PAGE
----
The Parliamentary Group of Friends of Tech Policy launched at Parliament House this week.
Co-chairs, the Hon. Paul Fletcher MP, Dr Michelle Ananda-Rajah MP, Kate Chaney MP, Senator David Pocock, Senator David Shoebridge and the ANU Tech Policy Design Centre, hosted the inaugural event – Tech Policy Hypotheticals: Regulating Artificial Intelligence.
The interactive event brought panellists and attendees together to engage with hypothetical scenarios to provoke conversation on how to regulate Artificial Intelligence (AI) with a view to maximising productivity.
Shadow Minister for Science, Arts, Government Services and the Digital Economy, the Hon. Paul Fletcher MP, said, “It is essential to mitigate the risks and explore the opportunities of Artificial Intelligence. The strong interest in this Group with representatives from all sides of politics reflects the importance of AI to Australia’s economic prosperity and the imperative of getting AI policy settings right.”
Dr Michelle Ananda-Rajah MP said, “With the rise of AI, the ANU Tech Policy Design Centre’s work providing an evidence base for better tech policy is timely. Parliamentarians must have access to independent expertise when considering the tech policy issues shaping our lives. The Parliamentary Friends of Tech Policy provides a forum to do just that, and I’m delighted to be one of its Co-Chairs.”
Kate Chaney MP said, “As Parliamentarians, we need to build a basic understanding of the rapidly changing field of AI, so we can regulate it appropriately to maximise the benefits and manage the significant potential risks.”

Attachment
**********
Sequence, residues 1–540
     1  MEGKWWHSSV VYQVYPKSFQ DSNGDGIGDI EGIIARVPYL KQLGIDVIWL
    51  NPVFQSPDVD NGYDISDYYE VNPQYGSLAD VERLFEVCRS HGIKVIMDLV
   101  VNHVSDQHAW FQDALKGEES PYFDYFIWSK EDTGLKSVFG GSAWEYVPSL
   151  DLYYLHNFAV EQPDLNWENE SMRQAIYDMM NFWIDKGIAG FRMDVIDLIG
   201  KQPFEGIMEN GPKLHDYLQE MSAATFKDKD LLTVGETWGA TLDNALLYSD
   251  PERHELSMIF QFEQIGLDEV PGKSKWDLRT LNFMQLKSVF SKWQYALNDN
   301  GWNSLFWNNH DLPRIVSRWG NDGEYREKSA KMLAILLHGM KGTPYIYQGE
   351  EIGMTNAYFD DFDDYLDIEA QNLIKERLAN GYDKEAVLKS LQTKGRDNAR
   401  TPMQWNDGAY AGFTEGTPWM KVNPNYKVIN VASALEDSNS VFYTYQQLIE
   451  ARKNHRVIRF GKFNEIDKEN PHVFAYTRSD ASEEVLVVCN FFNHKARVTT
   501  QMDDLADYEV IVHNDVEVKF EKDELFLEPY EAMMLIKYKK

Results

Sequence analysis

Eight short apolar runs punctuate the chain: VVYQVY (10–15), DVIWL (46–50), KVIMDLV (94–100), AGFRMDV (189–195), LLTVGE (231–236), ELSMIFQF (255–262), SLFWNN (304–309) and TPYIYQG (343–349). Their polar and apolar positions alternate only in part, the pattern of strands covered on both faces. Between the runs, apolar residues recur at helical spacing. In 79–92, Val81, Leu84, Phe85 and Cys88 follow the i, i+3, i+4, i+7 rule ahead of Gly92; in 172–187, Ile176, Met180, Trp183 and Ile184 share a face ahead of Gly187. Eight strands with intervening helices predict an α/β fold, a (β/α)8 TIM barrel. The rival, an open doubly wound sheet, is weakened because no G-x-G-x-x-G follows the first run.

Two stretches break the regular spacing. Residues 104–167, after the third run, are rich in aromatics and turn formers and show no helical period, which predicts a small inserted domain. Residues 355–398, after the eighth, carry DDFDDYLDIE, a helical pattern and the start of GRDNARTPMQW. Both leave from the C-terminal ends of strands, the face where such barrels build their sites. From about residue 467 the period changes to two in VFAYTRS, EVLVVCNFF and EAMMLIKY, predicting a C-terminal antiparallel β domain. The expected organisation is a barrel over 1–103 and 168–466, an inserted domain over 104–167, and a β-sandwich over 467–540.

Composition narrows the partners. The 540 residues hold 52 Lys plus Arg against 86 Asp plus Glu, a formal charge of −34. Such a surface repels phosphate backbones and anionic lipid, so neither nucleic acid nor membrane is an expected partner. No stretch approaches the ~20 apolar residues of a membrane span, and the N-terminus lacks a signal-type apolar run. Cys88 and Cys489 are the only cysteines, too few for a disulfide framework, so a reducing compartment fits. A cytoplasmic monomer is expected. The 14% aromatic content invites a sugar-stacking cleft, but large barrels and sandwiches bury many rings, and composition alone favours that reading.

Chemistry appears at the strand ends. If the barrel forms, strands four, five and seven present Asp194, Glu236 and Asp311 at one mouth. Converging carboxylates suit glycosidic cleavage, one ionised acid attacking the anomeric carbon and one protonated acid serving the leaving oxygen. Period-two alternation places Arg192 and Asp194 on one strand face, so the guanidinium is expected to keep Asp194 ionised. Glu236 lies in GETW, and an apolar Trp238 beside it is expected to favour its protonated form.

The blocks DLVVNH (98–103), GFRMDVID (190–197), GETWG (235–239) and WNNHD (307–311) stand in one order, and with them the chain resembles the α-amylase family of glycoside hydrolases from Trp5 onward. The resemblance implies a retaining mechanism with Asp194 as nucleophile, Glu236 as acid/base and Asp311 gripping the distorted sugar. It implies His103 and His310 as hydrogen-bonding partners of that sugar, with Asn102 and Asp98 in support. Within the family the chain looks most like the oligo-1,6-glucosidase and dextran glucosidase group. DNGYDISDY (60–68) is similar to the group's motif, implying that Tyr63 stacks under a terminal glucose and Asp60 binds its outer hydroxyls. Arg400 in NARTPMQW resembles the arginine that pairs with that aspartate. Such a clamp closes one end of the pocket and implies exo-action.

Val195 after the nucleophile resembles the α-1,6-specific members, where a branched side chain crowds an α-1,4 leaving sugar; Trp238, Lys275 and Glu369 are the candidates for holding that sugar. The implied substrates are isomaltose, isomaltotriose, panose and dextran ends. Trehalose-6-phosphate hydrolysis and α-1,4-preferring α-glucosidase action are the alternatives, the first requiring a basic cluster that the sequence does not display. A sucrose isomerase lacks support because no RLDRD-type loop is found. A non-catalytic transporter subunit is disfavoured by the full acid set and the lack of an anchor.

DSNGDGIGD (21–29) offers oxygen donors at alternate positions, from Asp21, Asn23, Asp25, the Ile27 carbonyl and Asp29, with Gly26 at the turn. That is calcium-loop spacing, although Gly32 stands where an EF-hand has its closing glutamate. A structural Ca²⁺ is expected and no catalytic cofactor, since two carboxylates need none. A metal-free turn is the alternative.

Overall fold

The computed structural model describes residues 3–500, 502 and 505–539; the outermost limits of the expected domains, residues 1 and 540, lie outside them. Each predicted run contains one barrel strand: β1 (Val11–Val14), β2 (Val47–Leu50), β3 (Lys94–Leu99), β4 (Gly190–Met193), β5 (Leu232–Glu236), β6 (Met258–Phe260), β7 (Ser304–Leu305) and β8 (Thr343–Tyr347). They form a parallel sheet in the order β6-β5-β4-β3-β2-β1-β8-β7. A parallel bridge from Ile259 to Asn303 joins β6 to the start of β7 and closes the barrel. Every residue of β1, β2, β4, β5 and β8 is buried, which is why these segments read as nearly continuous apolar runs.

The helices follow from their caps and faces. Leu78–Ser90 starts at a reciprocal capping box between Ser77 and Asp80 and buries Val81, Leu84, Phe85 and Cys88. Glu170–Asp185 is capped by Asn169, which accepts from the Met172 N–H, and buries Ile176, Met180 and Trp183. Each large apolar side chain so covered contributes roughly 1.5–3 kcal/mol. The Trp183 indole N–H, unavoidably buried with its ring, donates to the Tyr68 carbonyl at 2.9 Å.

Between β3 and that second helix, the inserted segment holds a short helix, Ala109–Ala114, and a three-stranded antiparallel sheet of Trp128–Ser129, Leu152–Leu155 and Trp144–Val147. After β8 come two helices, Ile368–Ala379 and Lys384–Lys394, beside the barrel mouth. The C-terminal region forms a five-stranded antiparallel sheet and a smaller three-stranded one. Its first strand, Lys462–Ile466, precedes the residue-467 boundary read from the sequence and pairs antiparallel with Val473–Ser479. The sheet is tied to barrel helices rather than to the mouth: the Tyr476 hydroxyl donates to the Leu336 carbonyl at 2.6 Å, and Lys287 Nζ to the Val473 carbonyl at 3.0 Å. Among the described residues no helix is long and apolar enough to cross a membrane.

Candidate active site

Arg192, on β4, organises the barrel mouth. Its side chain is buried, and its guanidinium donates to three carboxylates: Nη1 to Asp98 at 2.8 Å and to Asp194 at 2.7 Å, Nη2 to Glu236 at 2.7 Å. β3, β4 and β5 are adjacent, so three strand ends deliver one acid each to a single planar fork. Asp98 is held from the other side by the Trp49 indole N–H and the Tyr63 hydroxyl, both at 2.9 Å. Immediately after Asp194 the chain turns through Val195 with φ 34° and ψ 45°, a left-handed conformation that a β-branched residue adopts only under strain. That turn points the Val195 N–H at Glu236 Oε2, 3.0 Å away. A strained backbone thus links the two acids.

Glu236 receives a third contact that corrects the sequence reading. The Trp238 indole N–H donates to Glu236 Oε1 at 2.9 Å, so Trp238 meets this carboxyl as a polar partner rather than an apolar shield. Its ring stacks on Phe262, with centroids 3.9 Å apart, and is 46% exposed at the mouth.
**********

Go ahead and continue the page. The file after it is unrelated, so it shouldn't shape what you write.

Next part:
Senator David Pocock said, “Events like this are really important. Bringing experts together to engage with politicians is a great way to progress important conversations and policy discussions.”
Senator David Shoebridge said, “The launch of the Parliamentary Friends of Tech Policy gives us a glimpse of what Australia can contribute as an international leader in AI development and regulation. It is vital to ensure that AI moves forward with public accountability and that we guard against systemic inequality. To harness the many opportunities of AI, we must also proactively guard against the many risks.”
Founding Director of the Tech Policy Design Centre at the Australian National University, Professor Johanna Weaver, welcomed the launch of the Group, reflecting that it provides a vital forum for parliamentarians of all political persuasions to engage with subject matter experts and to think critically and creatively about the regulation of technology in Australia.
“The Parliamentary Friends of Tech Policy will help to reimagine governance as a powerful tool to shape technology for the long-term benefit of Australia and Australians. My team and I at the Tech Policy Design Centre look forward to working with the co-chairs and the members to usher in a new generation of fit-for-purpose tech regulation in our country.”
“With the proliferation of generative AI and strong capabilities of machine learning now at our fingertips, getting tech regulation right is top of everyone’s agenda. As the first meeting of the Group highlighted, it is possible to design regulation that protects against social harms and drives innovation – the two are not mutually exclusive, but we must be intentional today about the future we want to shape tomorrow.” Professor Weaver said.